Tenacity. It is often what separates the “great” (or Super) lawyers from the merely “good” ones. Does your lawyer accept the first offer presented by the insurance company? Does your lawyer pursue all available insurance policies? Does your lawyer pursue “bad faith” cases against your own insurance company if it denies, delays, or low-balls your claim without a good reason? A tenacious lawyer will not rest until every reasonable opportunity to advance his clients’ interest is pursued.
Recently the personal injury attorneys at Rittgers Rittgers & Nakajima had the opportunity to put their tenacity into action. It started with a car crash. Our client was stopped in her vehicle waiting for traffic to pass when suddenly another vehicle rammed into her at 30 mph.
Our client was already suffering from significant preexisting medical issues, and then the force of this impact slammed her head into the seat rest and tore ligaments in her spine. As a result of this violent crash, our client underwent a spinal fusion surgery.
The insurance company of the at-fault driver initially offered less than $30,000—a completely unacceptable amount considering the severity of the injuries. Perhaps a less tenacious firm would have pushed to immediately settle the case, take their fee, and call it a day. But that is just not how we do it at Rittgers Rittgers & Nakajima.
We pushed and pushed the at-fault party’s insurance company with additional arguments, supported by reports from physicians. Eventually the offer tripled, but even that just was not enough. The policy carried $100,000 in coverage, and our client needed and deserved every cent. Due to our tenacity and our client’s courage, the insurance company eventually paid the full $100,000 to avoid a lawsuit and trial.
Even that was not the end, because, like many drivers, our client had been dutifully paying for “underinsured motorist coverage” through her own insurance company that provided for up to another $150,000 in coverage. When our client’s own insurance company refused to pay all of the money available (and, again, initially offered only around $30,000) we sued the client’s insurance company in court; and, lo and behold, the insurance company eventually paid the remaining $150,000. Curiously, however, the insurance company wanted our client to release it from any “bad faith” (i.e. unjustified denials, delays, and low-ball offers) on its part in handling our client’s claim. By this part of the story, you should know our answer: No deal.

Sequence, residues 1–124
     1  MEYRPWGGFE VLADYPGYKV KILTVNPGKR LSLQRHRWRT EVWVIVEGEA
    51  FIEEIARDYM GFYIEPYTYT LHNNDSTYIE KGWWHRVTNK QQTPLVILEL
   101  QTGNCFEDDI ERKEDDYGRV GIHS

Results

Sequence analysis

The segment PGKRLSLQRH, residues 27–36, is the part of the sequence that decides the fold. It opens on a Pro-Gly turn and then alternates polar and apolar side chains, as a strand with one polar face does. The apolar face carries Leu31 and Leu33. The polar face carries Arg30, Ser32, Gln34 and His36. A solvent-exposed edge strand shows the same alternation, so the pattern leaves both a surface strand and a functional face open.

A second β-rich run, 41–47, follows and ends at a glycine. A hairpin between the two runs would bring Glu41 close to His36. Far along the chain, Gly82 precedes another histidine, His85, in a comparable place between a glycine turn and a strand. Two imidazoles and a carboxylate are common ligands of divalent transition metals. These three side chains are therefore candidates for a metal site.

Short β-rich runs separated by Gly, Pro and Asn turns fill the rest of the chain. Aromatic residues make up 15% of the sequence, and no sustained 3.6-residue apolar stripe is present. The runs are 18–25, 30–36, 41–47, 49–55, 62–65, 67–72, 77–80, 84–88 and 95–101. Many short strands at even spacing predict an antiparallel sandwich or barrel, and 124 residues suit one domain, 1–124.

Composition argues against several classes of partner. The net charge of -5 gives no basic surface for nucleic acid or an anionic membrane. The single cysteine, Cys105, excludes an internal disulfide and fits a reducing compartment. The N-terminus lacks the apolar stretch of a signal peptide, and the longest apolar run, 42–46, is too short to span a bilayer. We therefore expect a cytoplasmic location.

Perhaps another law firm would gladly sign and take the check without another thought. But our firm was not going to let the insurance company off that easy or comprise our client’s rights. We insisted that our client receive the $150,000 with no strings attached, and then turned around and sued the insurance company for its “bad faith” conducting in which it lowballed our client and forced her to file suit to get the contractual benefits she was entitled too.
At Rittgers Rittgers & Nakajima, we believe in full justice for our clients, and we do everything in our power to obtain it for them. It is undoubtedly more work for us, but it is work that tenacious lawyers do to obtain full justice for clients.
Is your lawyer tenacious? We hope so. If not, call Rittgers Rittgers & Nakajima for a case evaluation.